Mayra Rodriguez Valladares, managing principal at MRV Associates in New York, suggests investing in commodity-linked notes, which are fixed income products that have returns tied to commodity baskets or indexes. These fixed, bond-like investments can be bought through an investment broker.

Why Is It Risky to Invest In a Commodity?

Commodities have risks that are distinct from the perils of investing in the stock and bond markets, as many variables impact commodities pricing.

In this space, prices are extremely volatile. Within a short time, commodity prices can peak and trough dramatically.

"Commodity prices are among the most volatile of any market due to their sensitivity to country, economic and operational risks such as strikes, unexpected harsh weather, terrorist attacks and natural disasters," Valladares says.

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While Martin Landry, senior portfolio manager at 1st Global in Dallas, says commodity futures are impacted by supply and demand for the commodity, along with storage, transportation and logistics of transporting the minerals, oil or other products.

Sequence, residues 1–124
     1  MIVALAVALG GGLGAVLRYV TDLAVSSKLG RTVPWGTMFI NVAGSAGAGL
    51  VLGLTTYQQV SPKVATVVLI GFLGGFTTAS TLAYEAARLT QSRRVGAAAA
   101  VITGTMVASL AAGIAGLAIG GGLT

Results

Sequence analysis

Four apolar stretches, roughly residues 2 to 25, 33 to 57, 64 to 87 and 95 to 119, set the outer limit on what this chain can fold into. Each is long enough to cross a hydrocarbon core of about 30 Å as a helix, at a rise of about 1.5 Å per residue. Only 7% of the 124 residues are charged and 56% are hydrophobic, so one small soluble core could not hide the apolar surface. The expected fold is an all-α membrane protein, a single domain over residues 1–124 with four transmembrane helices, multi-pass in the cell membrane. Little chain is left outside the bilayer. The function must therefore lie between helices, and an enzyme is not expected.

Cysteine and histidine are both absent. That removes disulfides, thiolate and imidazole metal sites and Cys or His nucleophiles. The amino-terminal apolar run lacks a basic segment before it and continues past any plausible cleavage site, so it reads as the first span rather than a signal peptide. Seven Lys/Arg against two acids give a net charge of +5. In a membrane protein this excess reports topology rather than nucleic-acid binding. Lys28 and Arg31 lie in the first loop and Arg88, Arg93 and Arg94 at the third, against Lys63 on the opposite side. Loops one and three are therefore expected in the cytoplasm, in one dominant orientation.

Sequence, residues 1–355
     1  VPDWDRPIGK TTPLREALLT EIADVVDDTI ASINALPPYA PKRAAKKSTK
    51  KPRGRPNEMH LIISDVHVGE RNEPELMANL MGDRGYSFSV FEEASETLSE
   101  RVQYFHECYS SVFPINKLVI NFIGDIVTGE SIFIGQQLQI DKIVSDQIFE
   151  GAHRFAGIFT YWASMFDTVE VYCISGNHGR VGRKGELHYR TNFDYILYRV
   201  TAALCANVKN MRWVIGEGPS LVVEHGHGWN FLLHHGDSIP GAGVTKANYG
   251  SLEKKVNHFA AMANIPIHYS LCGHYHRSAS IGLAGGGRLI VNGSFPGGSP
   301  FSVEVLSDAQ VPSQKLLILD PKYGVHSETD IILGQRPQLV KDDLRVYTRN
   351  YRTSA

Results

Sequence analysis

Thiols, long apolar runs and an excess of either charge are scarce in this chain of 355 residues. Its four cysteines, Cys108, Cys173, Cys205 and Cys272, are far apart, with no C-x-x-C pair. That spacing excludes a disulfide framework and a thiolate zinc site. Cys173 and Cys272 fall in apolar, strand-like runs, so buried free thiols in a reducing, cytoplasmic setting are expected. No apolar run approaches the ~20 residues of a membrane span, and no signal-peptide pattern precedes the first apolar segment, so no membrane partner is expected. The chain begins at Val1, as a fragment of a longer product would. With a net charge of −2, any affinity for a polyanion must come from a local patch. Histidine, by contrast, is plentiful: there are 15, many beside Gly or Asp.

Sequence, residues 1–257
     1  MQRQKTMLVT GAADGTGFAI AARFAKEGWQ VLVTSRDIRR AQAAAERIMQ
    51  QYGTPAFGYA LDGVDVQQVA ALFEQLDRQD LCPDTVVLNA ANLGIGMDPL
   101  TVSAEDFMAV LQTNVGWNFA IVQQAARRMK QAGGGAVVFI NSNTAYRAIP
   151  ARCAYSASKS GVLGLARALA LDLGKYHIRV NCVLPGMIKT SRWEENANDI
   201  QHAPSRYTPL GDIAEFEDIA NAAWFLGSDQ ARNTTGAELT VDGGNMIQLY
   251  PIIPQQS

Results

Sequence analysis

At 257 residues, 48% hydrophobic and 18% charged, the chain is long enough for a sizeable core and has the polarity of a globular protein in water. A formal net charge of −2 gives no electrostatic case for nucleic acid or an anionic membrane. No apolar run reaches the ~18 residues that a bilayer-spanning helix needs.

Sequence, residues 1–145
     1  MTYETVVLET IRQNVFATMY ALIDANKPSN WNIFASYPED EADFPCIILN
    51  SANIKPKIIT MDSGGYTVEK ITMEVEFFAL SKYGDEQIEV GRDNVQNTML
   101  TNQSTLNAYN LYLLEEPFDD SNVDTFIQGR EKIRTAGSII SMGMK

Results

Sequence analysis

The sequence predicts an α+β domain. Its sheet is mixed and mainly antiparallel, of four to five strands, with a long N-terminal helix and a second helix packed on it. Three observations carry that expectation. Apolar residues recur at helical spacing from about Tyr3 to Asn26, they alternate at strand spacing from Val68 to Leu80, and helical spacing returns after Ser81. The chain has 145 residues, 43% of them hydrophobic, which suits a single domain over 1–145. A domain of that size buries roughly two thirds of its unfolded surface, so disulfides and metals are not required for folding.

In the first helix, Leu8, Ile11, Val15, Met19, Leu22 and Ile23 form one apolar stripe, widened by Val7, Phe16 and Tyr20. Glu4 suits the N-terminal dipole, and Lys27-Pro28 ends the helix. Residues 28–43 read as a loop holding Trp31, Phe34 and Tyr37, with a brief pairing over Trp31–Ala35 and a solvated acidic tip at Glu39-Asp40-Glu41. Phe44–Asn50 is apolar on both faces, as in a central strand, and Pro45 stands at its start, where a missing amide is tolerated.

Landry believes that the best time to own commodities is when inflation is high or when there is a scarcity of a commodity or excess demand. When those conditions aren't in play, returns may suffer.

Since many commodities are international in nature, investment returns are also impacted by changes in the exchange rates between foreign currencies and the U.S. dollar.

Should You Be Investing In Commodities?

This type of investing is risky and comes with tremendous volatility. The lack of correlation between commodities and typical stock and bond investments can be helpful at certain times, though commodity returns can drag down an investor's total returns during other periods.

Commodities investing is cyclical and distinct, so commodities offer varying returns. Over the past 10 years, the S&P GSCI index price peaked in 2011 near 5,700 and bottomed in April at 1261 -- mostly dragged down by weak oil prices. It currently trades slightly above 1,500.